Aslan tears her because her actions caused the slave to be whipped. It makes you wonder what Aslan would’ve done if the slave girl had been whipped and beaten. What if she had been killed?

So what lesson do children take away from this story?

Perhaps the lesson is that God keeps score and one day He’ll punish you for every sin. Or perhaps the lesson is about suffering. If you’re suffering it means God is punishing you for something you did a long time ago. Or perhaps you’re suffering because you were born in the wrong race, or in the wrong place, or in the wrong gender.

So all in all, the gospel of Aslan is wonderful if your name happens to be Edmund. But it’s not such good news for anyone else. Thankfully Jesus is nothing like that (Mt 5:38-39). Thankfully the true gospel offers grace and mercy to all who would put their trust in Him whether slave or free, man or woman, Calormene or Narnian.

I had a hard time falling asleep last night. Maybe it was Lewis’s legalism that was gnawing on my mind. Or perhaps it was the thought that for the first time in my life I was actually a tiny bit relieved that I don’t live in Narnia.

___
Related posts:
- Grace and propitiation in the Chronicles of Narnia
- Grace and love in the Chronicles of Narnia
- How to really overcome discouragement

Comments

  1. Hmm interesting thoughts, Maybe C.S. Lewis is trying to indicate that the tearing represents a different idea. I know the real Jesus would never really do that, I wonder where Lewis got that idea?

  2. Dan Hennessy says:

    Elie Wiesel is credited with saying: “Some stories are true that never happened.” If a story has life-changing impact on you, whether or not it actually happened, it’s truth has changed you, which makes it true to that extent. Rabbinic stories are meant to do just that. Lewis, I think, means this when he writes: ““I am telling you your story, not hers. No one is told any story but their own.” I see him as teaching the girl something about her interpretation of the situation that he knew needed reinforcement or added dimension, as we all view a given situation from a singular p.o.v…. our own. I’ve always understood this scene as Aslan seeing the need to broaden Aravis’ understanding of the situation. God, as I understand Him, does this with His children, as David wrote: O Lord, rebuke me not in your anger, nor discipline me in your wrath! For your narrows have sunk into me, and your hand has come down on me.” Psalm 38:1-2 I don’t see legalism in Lewis here, I see a difficult measure of grace being administered, “tough love,” as it’s been called.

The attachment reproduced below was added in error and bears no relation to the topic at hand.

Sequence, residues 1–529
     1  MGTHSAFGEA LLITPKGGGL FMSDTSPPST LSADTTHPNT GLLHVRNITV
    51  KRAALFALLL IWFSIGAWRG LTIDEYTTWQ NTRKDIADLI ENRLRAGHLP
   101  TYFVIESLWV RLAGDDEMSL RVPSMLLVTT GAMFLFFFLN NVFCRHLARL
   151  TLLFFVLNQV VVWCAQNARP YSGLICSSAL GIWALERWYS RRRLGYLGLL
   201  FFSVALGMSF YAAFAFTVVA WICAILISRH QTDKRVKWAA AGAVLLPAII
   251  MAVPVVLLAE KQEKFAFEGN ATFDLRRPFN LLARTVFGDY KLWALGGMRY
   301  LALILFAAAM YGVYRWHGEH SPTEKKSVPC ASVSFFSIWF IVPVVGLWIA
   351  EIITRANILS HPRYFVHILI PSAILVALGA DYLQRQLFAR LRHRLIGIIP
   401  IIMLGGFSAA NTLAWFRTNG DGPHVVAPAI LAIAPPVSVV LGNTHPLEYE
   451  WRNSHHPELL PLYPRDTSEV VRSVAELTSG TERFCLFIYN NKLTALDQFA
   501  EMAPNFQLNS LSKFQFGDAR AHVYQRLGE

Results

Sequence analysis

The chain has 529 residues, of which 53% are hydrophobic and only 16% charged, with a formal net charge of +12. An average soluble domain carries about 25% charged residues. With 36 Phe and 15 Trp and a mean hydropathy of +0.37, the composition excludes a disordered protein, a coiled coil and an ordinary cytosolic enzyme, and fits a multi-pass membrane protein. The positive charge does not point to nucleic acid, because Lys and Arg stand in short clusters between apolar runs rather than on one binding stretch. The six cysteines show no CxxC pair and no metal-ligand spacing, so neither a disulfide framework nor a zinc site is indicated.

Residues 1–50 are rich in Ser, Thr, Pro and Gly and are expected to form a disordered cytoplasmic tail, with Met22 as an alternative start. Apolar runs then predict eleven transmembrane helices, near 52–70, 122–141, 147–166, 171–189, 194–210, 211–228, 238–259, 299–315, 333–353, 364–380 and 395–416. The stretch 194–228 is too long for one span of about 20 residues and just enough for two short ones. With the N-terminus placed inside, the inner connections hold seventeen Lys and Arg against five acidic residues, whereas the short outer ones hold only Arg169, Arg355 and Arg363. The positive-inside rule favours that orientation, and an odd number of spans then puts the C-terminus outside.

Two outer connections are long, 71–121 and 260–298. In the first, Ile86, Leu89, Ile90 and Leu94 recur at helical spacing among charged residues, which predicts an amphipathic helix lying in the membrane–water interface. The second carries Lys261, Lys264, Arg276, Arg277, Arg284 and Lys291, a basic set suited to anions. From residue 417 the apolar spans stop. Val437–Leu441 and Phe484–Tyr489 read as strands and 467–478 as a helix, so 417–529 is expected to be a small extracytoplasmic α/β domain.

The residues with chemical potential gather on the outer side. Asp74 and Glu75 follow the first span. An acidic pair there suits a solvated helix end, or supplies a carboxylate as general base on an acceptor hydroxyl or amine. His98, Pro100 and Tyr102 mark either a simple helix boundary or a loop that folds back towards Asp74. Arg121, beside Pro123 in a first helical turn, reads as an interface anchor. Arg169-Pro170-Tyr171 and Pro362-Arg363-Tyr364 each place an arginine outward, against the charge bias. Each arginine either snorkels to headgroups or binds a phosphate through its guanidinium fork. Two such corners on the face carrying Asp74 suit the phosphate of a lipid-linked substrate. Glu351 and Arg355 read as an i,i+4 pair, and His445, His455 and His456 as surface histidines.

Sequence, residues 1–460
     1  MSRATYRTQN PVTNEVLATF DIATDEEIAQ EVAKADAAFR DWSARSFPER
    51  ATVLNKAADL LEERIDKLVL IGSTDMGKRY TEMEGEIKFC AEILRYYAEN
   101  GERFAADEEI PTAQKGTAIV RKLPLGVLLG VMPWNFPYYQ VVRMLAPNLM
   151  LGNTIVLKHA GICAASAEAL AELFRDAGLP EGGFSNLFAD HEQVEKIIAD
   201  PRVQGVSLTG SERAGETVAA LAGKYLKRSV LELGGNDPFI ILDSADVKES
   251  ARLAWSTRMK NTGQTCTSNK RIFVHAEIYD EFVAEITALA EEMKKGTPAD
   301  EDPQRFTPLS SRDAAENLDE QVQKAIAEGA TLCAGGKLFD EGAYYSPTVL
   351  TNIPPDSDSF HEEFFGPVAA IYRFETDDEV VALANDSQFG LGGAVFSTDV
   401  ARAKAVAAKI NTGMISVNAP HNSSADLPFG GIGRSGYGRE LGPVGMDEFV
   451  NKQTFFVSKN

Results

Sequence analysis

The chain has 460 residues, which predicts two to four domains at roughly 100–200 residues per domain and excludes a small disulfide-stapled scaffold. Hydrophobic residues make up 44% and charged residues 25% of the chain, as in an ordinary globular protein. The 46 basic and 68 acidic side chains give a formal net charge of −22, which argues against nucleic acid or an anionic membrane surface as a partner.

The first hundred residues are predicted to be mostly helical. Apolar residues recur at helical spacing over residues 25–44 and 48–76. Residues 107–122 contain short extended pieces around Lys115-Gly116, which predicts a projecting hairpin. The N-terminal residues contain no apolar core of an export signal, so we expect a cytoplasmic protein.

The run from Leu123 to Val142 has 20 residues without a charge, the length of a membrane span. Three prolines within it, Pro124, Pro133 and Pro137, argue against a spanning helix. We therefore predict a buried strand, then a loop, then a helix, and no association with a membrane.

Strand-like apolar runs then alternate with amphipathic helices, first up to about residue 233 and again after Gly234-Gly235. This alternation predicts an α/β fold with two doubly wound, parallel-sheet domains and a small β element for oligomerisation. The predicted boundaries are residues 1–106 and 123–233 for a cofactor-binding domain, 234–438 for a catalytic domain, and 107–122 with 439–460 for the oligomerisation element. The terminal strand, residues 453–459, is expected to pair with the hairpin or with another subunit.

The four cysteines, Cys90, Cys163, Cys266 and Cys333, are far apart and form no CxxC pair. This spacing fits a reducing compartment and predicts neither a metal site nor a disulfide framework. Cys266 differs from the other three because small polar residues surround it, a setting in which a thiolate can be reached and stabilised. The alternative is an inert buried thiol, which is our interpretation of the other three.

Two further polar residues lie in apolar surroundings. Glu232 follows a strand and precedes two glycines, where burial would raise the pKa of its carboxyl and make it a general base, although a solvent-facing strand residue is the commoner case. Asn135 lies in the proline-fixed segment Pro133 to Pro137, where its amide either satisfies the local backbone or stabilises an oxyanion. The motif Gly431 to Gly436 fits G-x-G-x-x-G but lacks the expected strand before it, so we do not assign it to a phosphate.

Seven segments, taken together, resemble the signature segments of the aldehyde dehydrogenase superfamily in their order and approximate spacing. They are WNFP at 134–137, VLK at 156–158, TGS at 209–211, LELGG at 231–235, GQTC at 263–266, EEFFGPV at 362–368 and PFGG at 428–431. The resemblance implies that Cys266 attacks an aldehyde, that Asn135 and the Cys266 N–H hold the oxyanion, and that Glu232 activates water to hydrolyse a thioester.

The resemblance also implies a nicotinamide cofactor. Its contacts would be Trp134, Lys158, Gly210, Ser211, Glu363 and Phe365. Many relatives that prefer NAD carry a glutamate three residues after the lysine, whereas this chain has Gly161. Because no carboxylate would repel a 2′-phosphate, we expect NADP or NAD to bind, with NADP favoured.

3. Ana Teixeira says:

    What it it had something to do with unity? And by that I mean, maybe it was not to teach a lesson at all but to bring awareness of other’s suffering. Because Christ is in all and all is in Christ when one of the members of the body gets hurt, everybody hurts. Sometimes (well, most times) people are not aware of the unity that goes around the world and don’t understand or feel the effects of it. I have to be honest, I’m not really sure what I am trying to say here! I think that the idea of Aslan being vindictive or teaching a lesson doesn’t feel right to me…